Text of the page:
In the 1940s, in a tiny garage in Ridgetown, Ontario, an auto parts maker was born. Today, this manufacturer has become a leading tier one supplier and global exporter of sophisticated auto parts, with sales exceeding $300 million. The firm is KSR International (KSR).
KSR traces its roots to a small manufacturer of tractor hitches established in the 1940s. Two decades later, the firm, then called Kaiser, was acquired by a Michigan company, and management shifted the core business to component manufacturing for heavy trucks. The company was soon restructured, renamed KSR, and guided towards the gas pedal assembly industry. Today, KSR still retains its heritage of industry leadership in pedal design and manufacturing, while making successful inroads in electronic sensors as well.
As a tier one manufacturer, KSR directly supplies auto assemblers. Its key customers are North American giants: General Motors, Chrysler, and Ford, with Ford being the largest. Other household names supplied by KSR include Volkswagen, Hyundai, Land Rover, Nissan, Volvo, and Jaguar.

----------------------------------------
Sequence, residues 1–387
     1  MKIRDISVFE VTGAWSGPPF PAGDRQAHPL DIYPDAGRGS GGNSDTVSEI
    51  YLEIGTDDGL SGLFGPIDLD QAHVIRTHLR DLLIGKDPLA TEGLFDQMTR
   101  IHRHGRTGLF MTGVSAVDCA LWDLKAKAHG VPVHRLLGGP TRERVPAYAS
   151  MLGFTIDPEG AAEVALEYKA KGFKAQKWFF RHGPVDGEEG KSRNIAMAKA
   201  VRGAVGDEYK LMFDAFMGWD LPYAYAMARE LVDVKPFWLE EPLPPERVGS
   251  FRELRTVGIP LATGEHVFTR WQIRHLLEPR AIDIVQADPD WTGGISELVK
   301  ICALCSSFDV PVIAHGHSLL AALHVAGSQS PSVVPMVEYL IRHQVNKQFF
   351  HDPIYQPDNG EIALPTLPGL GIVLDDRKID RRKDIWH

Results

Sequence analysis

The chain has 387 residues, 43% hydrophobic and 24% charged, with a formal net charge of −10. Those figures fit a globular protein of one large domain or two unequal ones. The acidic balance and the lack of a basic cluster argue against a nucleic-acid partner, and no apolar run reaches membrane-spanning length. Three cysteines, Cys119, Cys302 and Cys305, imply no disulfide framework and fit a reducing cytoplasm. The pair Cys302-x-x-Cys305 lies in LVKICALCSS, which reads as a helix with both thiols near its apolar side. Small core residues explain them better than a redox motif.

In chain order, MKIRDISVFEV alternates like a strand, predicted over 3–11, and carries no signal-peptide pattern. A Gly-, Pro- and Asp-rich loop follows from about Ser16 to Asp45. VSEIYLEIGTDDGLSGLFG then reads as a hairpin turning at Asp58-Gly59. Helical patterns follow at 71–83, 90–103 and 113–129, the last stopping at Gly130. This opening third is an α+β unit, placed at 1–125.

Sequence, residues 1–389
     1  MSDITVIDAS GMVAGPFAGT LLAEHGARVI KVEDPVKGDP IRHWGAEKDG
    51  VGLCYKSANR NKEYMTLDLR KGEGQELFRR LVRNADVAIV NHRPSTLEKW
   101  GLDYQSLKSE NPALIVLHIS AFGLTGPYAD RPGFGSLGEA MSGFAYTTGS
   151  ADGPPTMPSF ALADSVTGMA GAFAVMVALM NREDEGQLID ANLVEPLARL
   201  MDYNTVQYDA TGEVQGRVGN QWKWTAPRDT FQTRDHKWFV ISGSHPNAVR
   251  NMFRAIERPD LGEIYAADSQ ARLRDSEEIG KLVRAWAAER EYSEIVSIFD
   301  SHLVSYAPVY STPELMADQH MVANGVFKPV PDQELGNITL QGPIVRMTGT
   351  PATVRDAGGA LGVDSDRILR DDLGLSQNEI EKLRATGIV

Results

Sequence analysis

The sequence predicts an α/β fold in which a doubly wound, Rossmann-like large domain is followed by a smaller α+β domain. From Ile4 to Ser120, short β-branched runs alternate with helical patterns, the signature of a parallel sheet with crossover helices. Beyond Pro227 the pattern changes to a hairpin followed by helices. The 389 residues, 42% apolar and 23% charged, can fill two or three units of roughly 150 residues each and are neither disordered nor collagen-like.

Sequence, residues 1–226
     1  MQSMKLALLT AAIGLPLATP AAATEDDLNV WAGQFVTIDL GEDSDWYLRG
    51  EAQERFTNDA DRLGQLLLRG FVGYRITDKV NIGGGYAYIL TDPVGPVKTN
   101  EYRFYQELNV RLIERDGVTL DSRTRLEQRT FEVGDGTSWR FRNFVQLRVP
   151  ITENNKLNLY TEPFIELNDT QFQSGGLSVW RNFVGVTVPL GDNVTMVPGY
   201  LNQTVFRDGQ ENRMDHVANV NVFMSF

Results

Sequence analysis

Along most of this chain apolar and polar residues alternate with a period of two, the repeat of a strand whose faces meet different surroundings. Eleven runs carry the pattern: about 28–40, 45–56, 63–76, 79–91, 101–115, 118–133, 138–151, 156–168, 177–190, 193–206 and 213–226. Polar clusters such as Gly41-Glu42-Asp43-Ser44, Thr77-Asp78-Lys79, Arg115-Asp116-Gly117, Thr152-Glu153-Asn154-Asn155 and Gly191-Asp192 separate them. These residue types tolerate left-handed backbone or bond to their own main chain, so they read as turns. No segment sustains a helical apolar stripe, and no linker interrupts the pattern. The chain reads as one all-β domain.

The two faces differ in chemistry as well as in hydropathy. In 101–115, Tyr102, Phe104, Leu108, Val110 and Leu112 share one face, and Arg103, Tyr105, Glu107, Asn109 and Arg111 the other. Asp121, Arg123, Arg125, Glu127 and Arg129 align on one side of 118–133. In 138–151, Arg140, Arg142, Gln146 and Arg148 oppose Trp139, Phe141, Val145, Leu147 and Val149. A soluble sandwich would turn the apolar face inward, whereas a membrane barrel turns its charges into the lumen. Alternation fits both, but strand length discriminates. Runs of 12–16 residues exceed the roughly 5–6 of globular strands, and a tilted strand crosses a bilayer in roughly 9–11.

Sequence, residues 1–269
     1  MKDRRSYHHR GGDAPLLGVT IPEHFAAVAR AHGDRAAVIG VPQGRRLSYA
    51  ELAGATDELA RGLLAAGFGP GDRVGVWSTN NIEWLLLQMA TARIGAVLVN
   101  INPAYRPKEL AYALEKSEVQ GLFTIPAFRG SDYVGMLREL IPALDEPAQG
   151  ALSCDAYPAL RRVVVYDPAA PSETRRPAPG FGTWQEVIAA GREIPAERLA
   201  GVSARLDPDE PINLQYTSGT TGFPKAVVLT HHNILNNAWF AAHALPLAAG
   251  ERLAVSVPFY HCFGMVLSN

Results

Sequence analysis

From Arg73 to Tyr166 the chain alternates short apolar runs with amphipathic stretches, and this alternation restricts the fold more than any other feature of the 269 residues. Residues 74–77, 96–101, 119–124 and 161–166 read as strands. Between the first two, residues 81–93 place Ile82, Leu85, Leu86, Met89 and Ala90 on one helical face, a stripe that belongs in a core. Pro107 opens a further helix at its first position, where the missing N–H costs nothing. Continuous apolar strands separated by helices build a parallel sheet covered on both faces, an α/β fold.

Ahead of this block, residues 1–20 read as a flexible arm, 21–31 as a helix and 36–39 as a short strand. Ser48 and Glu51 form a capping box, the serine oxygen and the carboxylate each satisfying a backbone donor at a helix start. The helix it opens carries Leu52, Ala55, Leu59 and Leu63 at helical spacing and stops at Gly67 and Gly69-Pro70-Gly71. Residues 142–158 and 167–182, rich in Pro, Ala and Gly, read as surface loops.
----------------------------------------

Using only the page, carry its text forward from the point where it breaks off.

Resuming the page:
With seven manufacturing facilities and several supporting offices worldwide, KSR maintains a strong global presence. The company’s research and development (R&D) offices are located in Germany and Canada, with a sales office in Michigan and manufacturing in North America, Asia, Europe, and Latin America. KSR is also exploring strategic alliances in India and Australia.